BOR Names CCSU Academic Building after its First African American Graduate
The BOR voted to name the Social Sciences Hall at CCSU in New Britain the “Ebenezer Don Carlos Bassett Social Sciences Hall” after the institution’s first African American graduate.
The Board of Regents for Higher Education today voted to name the Social Sciences Hall at Central Connecticut State University (CCSU) in New Britain the “Ebenezer Don Carlos Bassett Social Sciences Hall” after the institution’s first African American graduate.
“On behalf of the Board of Regents and myself, I want to thank all who have educated us about this important figure and advocated on behalf of this naming,” noted President Mark Ojakian. “This building will serve as a permanent reminder of Mr. Bassett’s achievements and legacy of scholarship, activism and diplomacy that is unparalleled in the history of Central Connecticut State University and our state.”
In 1852, Ebenezer Don Carlos Bassett was the first African American student at the State Normal School in New Britain, the parent institution to Central Connecticut State University. He graduated with honors in 1853 and embarked upon a teaching career in New Haven. Bassett became the first African American alumnus of the State Normal School in New Britain and remained committed and actively involved in the institution’s Alumni Association.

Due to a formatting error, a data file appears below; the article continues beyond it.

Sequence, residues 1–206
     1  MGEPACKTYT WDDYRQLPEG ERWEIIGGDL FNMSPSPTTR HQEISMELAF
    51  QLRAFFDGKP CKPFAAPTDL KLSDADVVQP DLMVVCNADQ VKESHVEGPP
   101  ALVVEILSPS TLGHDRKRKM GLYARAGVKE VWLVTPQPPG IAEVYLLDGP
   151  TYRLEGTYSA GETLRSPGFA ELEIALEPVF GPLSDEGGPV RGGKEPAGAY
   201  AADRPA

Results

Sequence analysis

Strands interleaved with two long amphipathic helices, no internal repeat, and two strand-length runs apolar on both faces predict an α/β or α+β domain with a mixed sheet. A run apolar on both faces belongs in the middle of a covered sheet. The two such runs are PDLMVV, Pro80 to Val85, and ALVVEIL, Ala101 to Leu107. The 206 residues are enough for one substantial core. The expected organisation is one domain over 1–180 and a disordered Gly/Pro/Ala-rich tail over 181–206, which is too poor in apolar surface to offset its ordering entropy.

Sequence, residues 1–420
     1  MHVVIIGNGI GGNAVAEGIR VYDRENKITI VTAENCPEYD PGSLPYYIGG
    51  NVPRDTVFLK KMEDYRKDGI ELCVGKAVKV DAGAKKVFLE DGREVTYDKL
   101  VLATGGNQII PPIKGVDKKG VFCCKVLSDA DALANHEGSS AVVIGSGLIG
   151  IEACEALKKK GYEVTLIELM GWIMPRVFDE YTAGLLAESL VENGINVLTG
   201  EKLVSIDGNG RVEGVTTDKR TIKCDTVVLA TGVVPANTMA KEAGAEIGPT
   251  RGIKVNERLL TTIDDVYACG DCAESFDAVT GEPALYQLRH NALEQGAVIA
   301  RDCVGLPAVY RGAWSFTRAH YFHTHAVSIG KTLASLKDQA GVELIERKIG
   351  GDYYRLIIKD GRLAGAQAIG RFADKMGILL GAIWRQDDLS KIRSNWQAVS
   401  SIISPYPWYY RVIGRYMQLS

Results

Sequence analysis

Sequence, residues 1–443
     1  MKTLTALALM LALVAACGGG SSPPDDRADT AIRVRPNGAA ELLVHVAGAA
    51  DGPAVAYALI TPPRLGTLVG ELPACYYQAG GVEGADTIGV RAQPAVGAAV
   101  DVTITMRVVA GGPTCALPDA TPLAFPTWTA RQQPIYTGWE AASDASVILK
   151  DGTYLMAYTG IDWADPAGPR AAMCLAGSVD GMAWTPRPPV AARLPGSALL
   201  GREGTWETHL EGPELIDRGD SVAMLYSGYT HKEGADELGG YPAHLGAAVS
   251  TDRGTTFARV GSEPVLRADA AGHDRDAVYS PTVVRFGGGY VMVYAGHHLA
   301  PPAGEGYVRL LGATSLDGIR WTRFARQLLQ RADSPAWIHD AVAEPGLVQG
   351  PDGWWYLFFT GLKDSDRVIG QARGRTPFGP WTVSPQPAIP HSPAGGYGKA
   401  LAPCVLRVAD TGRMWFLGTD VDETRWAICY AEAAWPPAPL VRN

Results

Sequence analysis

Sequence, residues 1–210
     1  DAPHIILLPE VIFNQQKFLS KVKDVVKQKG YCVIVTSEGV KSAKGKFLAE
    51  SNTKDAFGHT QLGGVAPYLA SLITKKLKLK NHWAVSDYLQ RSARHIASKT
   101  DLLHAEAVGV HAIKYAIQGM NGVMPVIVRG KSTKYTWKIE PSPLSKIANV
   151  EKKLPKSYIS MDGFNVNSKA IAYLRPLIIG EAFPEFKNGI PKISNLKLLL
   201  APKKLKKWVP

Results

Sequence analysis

Bassett ascended to the position of principal at the prestigious Institute for Colored Youth in Philadelphia, the parent institution of Cheyney University and the first Historically Black College in the United States. Under his leadership — which he held for 14 years — the Institute for Colored Youth established a Normal School division whose instruction was based on the education reforms initiated by the Connecticut State Normal School.
He was a significant voice in advocating for civil rights, particularly the right of African American men to enlist in the Union Army during the U.S. Civil War. Bassett was appointed by President Ulysses S. Grant to a diplomatic post as Resident Minister to Haiti in 1869, distinguishing himself as the first African American to hold a United States ambassadorship.
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